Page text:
Background and aims
No previous studies have examined the prospective association between disposable income and binge‐drinking initiation among adolescents. We aimed to examine whether there is such an association and, if so, whether it is robust to confounders, uniform across individual characteristics and linear versus non‐linear.
Prospective study of adolescents from 32 middle schools, stratified according to geographic location, urban and rural locations and standard of living. Adolescents were assessed in 2017 (T1) and 1 year later (T2).
A nation‐wide sample of 1845 adolescents (mean age 13.5 years, 44% boys) with no binge‐drinking experience at T1.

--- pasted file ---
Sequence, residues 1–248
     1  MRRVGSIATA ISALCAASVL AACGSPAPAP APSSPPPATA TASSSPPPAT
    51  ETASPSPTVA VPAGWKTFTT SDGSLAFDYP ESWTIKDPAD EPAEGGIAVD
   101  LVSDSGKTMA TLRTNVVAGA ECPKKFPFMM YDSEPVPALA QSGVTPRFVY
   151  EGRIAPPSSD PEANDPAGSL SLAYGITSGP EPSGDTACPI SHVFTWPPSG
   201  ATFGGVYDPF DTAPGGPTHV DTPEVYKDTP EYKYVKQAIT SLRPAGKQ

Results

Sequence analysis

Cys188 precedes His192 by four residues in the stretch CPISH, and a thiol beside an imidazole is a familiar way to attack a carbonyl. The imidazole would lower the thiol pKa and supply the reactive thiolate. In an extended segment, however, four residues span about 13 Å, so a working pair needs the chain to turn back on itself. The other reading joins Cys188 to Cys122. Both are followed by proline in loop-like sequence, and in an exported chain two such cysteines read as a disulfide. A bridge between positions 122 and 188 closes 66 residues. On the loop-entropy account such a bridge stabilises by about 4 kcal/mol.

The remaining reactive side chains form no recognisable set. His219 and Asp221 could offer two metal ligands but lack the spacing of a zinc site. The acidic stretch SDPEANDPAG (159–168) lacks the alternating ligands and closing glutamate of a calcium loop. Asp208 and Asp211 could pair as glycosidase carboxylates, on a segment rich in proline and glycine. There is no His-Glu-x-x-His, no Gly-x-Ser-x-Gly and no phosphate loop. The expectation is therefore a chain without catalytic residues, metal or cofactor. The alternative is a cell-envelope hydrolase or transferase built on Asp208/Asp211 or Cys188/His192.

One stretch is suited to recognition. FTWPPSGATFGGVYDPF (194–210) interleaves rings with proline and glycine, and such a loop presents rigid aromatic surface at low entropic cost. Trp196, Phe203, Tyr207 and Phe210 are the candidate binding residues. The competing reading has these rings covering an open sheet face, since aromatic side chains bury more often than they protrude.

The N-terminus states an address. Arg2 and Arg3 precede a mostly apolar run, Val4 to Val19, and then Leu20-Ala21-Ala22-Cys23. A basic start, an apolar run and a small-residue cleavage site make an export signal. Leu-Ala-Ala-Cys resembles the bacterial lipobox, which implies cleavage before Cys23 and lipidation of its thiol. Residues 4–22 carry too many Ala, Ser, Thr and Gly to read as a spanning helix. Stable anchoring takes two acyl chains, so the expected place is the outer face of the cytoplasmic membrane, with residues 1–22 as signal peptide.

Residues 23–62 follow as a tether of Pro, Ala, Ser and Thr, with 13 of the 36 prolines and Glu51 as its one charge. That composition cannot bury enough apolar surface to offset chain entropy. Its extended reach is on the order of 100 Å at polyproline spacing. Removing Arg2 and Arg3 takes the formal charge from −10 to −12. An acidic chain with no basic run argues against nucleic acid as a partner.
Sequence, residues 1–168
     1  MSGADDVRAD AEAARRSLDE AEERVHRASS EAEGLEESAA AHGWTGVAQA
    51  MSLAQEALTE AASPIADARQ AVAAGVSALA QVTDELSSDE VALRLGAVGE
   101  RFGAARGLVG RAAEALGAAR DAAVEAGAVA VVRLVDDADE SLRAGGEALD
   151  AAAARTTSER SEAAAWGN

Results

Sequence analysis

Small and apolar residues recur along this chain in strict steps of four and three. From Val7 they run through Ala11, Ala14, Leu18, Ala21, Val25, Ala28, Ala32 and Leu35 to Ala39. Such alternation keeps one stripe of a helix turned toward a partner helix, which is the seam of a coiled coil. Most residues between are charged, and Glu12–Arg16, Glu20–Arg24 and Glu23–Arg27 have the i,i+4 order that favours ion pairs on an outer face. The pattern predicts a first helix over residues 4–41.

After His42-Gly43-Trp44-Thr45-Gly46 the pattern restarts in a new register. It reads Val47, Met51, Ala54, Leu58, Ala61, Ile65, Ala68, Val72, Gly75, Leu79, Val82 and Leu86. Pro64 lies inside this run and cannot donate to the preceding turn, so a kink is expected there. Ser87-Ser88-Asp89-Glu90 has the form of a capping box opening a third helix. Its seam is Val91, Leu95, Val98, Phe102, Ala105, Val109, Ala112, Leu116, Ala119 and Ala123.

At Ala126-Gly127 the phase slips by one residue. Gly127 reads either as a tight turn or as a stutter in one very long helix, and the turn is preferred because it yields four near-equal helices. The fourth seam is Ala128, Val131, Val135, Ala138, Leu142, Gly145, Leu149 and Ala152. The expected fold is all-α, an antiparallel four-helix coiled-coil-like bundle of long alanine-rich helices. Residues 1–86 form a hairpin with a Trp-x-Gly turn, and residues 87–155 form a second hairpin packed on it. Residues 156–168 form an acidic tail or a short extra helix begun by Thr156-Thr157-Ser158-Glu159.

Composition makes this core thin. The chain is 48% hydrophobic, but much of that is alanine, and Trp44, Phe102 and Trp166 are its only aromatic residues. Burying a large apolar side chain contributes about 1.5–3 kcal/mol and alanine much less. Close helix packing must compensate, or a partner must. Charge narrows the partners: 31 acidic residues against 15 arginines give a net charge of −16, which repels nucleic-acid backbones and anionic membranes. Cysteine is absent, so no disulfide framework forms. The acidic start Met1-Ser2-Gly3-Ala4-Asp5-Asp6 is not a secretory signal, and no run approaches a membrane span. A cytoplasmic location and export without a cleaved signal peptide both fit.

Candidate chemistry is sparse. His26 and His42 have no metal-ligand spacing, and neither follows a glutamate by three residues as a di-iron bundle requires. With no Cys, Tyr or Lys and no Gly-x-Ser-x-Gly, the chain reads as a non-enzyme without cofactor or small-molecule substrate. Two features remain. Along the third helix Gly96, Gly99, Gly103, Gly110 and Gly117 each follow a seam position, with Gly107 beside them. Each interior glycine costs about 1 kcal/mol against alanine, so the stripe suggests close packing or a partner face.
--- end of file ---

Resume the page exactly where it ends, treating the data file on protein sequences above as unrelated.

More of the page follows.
Data were collected on binge drinking at T1 and T2. Data on disposable income and on a range of demographic, individual and family factors were collected at T1.
Overall, 7.2% initiated binge drinking between T1 and T2. Logistic regression showed that the crude linear effect of disposable income on binge drinking initiation was substantial, and only slightly attenuated in the fully adjusted model including all putative confounders [odds ratio (OR) = 1.19, 95% confidence interval (CI) = 1.08, 1.31, P < 0.001]. However, interaction analyses showed disposable income to be negatively related to binge drinking initiation for adolescents who had experienced light drinking at T1 (OR = 0.66, 95% CI = 0.49, 0.89, P = 0.006) or who had seen their mothers intoxicated [OR = 0.62, 95% CI = 0.39, 0.99, P = 0.043).
Norwegian adolescents with higher disposable income have a greater risk of subsequent binge drinking initiation than those with lower disposable income. Each additional 100 NOK (≈ €10) of weekly income increased the risk of binge drinking initiation in the following year by approximately 20%.